MNCs call the shots in home & personal care, Indian firms in food

India's nearly Rs 3 lakh crore consumer goods market throws up an interesting trend. Multinational companies such as Hindustan Unilever (HUL), Procter & Gamble (P&G), Colgate-Palmolive and RB (formerly Reckitt Benckiser) dominate the home and personal care category here. Indian entities such as Gujarat Co-operative Milk Marketing Federation (GCMMF), marketer of the Amul brand of dairy products, biscuit maker Parle Products, Britannia and ITC dominate the food category.

Analysts and sector experts pin this trend down to the aspirational nature of home and personal products, drawing Indian consumers to global brands. Food, on the other hand, is local in nature, they say, with Indian companies having a better handle on consumer preferences than their MNC rivals in this category.

Arvind Singhal, chairman, Technopak, says, "What MNCs have is globally-tested best practices and formulations that work well in home and personal care. Products are uniform across markets. In food, uniformity doesn't help. It is local tastes and preferences that work, helping local food companies over their global rivals."

A look at the 2015-16 top lines reported by food and home and personal care companies makes the picture (see chart). HUL, the country's largest consumer goods company, derived 77.3 per cent of its 2015-16 top line (Rs 31,987 crore) from home and personal care alone, its annual report for the period shows. Home and personal care includes soaps and detergents, which gave HUL 47.1 per cent of its 2015-16 top line, while personal products gave it 30.2 per cent of its top line. Packaged food, on the other hand, gave HUL only 6.6 per cent of its 2015-16 topline.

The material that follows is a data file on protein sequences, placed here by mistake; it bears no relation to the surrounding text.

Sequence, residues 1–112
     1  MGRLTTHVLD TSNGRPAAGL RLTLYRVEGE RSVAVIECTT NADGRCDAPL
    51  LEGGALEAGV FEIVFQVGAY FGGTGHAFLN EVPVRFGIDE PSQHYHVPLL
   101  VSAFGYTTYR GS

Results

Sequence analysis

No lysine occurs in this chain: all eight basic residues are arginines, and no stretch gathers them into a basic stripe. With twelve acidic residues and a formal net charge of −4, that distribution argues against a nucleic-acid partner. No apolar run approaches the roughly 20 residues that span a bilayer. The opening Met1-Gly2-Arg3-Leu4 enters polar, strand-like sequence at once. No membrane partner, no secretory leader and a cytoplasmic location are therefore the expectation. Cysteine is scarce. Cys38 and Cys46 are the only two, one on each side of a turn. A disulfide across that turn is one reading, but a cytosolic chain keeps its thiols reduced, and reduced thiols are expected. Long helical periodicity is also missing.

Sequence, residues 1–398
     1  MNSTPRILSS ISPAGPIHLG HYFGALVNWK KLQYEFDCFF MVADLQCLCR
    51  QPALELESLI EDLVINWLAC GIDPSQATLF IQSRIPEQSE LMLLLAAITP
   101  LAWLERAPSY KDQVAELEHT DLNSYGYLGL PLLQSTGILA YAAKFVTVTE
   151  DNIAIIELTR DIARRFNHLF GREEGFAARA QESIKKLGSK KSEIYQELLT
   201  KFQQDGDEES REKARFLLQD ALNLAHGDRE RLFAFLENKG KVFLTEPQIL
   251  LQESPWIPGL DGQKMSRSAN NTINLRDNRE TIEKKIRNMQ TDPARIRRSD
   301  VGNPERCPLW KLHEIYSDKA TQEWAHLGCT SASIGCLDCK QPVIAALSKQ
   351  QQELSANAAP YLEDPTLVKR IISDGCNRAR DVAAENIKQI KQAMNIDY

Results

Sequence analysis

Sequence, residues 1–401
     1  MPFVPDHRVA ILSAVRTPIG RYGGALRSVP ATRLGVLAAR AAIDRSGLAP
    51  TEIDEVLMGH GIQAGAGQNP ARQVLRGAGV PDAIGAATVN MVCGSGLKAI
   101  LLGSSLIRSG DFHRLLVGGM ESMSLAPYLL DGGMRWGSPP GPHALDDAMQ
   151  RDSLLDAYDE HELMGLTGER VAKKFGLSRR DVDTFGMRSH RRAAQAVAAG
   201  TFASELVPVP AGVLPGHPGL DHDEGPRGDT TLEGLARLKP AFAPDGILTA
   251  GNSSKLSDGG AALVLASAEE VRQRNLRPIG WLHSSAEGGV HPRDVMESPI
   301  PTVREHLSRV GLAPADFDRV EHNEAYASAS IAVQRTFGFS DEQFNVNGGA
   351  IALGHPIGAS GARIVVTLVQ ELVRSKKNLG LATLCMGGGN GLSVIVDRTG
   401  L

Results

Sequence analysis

Rival P&G, operating only in home and personal care, cumulatively derived Rs 10,248 crore from its three companies in India in 2015-16. This included listed companies P&G Hygiene and Healthcare, P&G Home Products and Gillette India. P&G, for the record, has a July-June accounting period.

British consumer goods maker RB, meanwhile, which is best known for its Dettol brand in India, reported a 2015-16 top line of  Rs 5,606 crore, while Colgate-Palmolive, the country's largest oral care company, reported a 2015-16 top line of Rs 4,162 crore.

In food, GCMMF, whose Amul brand is among India's most popular food products, tops the list with a turnover of Rs 23,004 crore for 2015-16, while Parle Products has an 2015-16 turnover of Rs 9,500 crore, according to industry estimates. Britannia's 2015-16 top line is Rs 8,607 crore and ITC Foods’ 2015-16 top line, according to analysts estimates, is Rs 7,779 crore, which is 80 per cent of its total turnover from its consumer business minus cigarettes.

Abneesh Roy, senior vice-president at brokerage house Edelweiss, says, "Companies such as HUL have limited exposure currently to (packaged) foods. This explains why its turnover from food is small vis-a-vis home and personal care. Secondly, local companies have dedicated supply chains like ITC’s  e-choupal, helping them in the food category. Thirdly, global giants have traditionally been strong in home and personal care in India because they come from markets where products are evolved. Their product formulations are better, giving them the edge here."

While some experts believe that the growing herbal/ayurvedic trend could upset the applecart for MNCs in home and personal care, others say this is a long way off. "Though usage of herbal/ayurvedic products has been growing in the country thanks to proponents such as Patanjali, MNC consumer goods companies have been quick to respond to the trend," G Chokkalingam, founder, Equinomics Research & Advisory, says.

HUL itself has revived its Ayush brand recently to counter Patanjali and is now introducing herbal variants of key brands such as Fair & Lovely in skin creams. Most other majors, including Colgate-Palmolive, are also increasing their emphasis on herbal variants in toothpastes.

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